Last, I would suggest looking into the frequency of repeat colonoscopies. I can’t tell you how many patients I see called back for colonoscopy after 3 years rather than 5, or 5 years rather than 10, for practices both academic and community-based. There are fairly standard guidelines for follow up, and if you’re worried about rates of complications, you should also be worried about over-utilization of tests. (As an example, if gastro A has a complication rate of 0.5% but suggests you do colonoscopy every 5 years for a single grandparent who had colon cancer at age 80, and gastro B has a complication rate of 1% but suggests a more standard 10 year follow up, the absolute number of complications will even out.)

    Hope this helps!

    • http://twitter.com/mbebinger Martha Bebinger

      David – sorry for the delayed response.

      I LOVE my PCP – but he admittedly sends me to a GI he thinks is pretty good; my PCP doesn’t really know how well this GI does as compared to anyone else.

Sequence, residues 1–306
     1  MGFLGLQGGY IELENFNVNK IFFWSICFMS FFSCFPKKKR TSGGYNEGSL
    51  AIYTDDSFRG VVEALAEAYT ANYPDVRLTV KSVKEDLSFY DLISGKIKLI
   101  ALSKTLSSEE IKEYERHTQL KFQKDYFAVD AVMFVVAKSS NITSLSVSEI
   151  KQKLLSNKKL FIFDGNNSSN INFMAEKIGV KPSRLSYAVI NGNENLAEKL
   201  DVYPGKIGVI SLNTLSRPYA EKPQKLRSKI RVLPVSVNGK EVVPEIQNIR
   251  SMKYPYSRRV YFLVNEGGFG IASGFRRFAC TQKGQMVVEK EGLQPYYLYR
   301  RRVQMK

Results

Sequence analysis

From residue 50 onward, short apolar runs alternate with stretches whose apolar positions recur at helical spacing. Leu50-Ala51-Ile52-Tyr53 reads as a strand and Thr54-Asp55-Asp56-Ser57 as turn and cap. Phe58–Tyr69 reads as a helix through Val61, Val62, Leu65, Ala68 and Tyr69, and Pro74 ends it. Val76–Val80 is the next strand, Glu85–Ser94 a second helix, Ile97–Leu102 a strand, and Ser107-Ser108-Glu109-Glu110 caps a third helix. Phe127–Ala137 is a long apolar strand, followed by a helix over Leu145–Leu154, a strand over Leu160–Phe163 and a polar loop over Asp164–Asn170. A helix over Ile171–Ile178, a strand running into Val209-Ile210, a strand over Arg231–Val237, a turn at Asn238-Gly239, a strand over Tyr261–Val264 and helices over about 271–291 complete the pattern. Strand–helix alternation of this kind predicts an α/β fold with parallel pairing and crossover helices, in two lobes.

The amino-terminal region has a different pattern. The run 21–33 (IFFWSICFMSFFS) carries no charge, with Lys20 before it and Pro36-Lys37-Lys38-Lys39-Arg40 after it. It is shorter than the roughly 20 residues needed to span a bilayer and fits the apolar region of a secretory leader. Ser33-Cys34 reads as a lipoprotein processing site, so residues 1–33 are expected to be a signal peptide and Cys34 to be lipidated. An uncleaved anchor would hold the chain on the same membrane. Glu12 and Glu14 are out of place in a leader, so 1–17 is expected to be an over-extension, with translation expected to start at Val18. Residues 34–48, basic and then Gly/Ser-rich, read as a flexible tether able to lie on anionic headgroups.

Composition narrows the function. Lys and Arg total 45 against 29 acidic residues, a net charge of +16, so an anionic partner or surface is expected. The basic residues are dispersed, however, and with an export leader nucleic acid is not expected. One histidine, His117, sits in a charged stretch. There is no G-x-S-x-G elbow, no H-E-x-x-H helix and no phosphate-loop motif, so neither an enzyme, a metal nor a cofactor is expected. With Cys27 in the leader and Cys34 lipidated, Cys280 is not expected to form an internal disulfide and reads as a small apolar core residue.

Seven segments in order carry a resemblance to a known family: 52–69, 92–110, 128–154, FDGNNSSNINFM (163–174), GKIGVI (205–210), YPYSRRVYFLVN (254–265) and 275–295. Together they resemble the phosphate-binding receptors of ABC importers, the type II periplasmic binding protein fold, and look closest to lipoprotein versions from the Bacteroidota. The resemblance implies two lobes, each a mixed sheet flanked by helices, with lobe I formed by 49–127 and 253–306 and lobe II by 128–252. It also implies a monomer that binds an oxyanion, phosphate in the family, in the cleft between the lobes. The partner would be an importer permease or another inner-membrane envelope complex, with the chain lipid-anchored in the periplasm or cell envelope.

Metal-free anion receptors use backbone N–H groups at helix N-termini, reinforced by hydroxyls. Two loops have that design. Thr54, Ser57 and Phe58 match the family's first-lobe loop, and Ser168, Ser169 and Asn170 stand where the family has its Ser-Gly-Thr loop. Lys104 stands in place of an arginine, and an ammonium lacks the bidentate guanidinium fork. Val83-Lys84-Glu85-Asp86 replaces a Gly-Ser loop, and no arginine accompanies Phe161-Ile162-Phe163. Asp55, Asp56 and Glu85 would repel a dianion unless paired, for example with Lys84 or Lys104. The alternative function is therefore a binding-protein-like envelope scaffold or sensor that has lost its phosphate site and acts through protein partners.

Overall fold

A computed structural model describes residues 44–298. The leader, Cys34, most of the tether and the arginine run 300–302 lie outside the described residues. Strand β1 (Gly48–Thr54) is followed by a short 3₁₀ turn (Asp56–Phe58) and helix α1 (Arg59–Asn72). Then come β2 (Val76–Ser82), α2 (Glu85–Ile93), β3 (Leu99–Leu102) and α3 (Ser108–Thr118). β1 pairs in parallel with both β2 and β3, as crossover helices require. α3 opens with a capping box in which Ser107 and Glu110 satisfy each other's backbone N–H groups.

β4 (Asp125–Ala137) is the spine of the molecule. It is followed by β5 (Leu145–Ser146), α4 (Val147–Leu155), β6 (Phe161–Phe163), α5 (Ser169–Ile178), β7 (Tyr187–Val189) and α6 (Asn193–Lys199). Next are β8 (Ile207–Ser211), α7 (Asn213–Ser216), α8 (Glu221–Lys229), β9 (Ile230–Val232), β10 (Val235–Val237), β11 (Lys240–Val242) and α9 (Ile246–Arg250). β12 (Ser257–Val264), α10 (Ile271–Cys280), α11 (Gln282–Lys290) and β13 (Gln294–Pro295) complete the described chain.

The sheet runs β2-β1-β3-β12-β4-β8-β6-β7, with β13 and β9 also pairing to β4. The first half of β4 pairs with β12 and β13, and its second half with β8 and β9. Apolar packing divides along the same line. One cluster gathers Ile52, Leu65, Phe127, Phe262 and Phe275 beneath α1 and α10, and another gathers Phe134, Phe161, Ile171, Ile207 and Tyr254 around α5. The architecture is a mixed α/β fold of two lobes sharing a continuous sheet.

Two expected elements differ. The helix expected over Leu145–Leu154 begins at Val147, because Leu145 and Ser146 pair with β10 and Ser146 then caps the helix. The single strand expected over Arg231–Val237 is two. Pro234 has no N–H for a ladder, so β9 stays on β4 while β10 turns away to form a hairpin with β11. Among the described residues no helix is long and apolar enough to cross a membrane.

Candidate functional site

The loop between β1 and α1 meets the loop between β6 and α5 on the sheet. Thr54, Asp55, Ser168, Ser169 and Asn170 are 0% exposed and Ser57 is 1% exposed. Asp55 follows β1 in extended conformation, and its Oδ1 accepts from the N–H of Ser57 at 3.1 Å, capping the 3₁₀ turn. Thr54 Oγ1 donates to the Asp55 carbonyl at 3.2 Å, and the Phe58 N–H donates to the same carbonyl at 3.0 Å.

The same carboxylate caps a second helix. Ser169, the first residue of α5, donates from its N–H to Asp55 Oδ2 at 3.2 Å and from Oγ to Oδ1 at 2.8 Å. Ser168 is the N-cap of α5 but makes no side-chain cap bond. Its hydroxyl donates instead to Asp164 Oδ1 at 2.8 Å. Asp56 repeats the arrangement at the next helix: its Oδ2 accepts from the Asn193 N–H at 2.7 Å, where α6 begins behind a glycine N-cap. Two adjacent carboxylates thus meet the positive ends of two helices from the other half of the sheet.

What I want is a reliable set of quality measures that lets me compare one doctor to the next. The measures won’t be perfect, but the idea that they don’t exist, at least not for public viewing, is amazing.

      I can’t tell from your overall comments if you think patients should not be asking for this information or if you just pointing out the ways that measures will be inadequate or incomplete for the time being.

      I will ask about the rate of repeat colonoscopies, but so far, none of the practices that have shared their internal quality data have offered those numbers.

      Thanks so much for your insights!

  • reas

    The questions above are good, but it must be remembered that

    medicine is quite behind other industries.

    This data is best displayed to the public at the organzational level instead of the individual level. We don’t have barista ratings at Starbucks……or Pilot ratings for Southwest…. Companies share their organizational stats and manage individuals internally. Good workers are kept and bad workers are asked to improve or leave.

    Encouraging metrics may accelerate consolidation towards quality oriented organizations.

    Bottomline: Docs are more like pilots and baristas than baseball players.